Then maybe your next question is something like: Great, so I have to worry about getting fat if I take a week off from training? Not exactly. The more muscle you have, the more protein you'll use and the more calories you'll burn overall. Plus, there's a reason why we tell you to eat lean protein such as chicken and turkey breasts and top sirloin."

      You have to remember, I am working my body. I teach 2 intense hours of Zumba and I attend 2 extra hours of Zumba each week. That's four hours in which I burn anywhere from 800-500 calories per hour. I have started weight training and the increased nutrients will allow my body to recovery properly. If someone were to eat just as I do without all of the activity, I can see how that can be a little much. But you have to take into consideration what exactly I am doing physically. I need the calories, I need the nutrients.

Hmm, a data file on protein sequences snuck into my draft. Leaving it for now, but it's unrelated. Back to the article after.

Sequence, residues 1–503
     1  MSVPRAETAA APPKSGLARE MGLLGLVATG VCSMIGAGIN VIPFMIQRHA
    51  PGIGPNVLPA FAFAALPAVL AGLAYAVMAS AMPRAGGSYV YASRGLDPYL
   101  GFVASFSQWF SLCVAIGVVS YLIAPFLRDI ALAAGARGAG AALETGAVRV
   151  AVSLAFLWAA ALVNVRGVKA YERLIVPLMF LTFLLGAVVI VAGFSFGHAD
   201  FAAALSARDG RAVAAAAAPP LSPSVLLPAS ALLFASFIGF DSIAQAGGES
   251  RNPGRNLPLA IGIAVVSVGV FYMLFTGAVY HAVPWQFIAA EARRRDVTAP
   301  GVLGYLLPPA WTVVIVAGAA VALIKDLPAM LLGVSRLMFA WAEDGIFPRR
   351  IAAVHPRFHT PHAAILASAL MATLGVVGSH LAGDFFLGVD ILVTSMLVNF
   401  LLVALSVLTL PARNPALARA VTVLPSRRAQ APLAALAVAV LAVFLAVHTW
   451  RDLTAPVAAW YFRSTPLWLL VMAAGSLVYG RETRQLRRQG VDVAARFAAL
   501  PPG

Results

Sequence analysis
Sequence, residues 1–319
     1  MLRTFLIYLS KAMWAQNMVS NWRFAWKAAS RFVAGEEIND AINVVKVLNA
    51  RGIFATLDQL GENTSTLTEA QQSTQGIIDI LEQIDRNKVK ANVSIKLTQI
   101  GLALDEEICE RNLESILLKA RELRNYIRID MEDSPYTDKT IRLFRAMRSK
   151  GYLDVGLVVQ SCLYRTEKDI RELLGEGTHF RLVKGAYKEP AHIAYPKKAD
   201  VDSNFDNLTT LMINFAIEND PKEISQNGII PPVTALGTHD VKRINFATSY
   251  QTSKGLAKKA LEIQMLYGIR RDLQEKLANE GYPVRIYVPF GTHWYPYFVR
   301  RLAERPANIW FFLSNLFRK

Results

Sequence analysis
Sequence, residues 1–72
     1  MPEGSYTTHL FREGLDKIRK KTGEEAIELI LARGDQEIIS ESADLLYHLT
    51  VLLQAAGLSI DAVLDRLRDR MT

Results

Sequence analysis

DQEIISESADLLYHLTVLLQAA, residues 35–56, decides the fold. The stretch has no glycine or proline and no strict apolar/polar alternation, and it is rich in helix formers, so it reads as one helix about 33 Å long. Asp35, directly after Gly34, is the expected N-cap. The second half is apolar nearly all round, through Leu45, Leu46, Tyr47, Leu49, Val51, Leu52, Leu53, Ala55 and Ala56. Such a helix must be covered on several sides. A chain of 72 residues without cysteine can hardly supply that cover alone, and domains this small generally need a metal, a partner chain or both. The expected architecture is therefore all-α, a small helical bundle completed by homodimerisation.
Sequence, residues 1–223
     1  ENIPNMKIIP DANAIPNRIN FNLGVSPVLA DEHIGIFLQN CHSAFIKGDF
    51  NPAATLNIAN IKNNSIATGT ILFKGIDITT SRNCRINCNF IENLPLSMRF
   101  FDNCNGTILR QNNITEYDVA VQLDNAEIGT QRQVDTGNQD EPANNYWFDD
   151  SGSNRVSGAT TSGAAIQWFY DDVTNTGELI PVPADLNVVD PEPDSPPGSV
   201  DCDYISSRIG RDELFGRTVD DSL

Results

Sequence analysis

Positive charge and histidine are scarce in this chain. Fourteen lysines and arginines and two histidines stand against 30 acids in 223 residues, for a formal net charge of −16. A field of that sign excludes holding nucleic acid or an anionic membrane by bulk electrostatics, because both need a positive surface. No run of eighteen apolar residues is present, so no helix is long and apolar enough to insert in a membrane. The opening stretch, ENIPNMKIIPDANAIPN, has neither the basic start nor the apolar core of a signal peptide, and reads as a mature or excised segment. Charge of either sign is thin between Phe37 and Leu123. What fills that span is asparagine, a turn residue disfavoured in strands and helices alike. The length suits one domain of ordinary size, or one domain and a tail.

3. That's a great suggestion! The 80/20 principle, experts say, works well in so many arenas of life :)
    Thanks so much for linking up at Inspired By Me Mondays!! Please come back & share your great posts this week :) (Monday to Friday) http://www.parentingandhomeschoolinginfaith.com

  4. Hi Wendy,
    Healthy weight loss tips are my favorite obsession! Despite the fact that I follow a really healthy diet, losing the last 10-15 pounds that I want to lose has been a real struggle, therefore I am delighted that you shared this helpful flexible dieting post with us at the Healthy, Happy, Green & Natural Party”Blog Hop!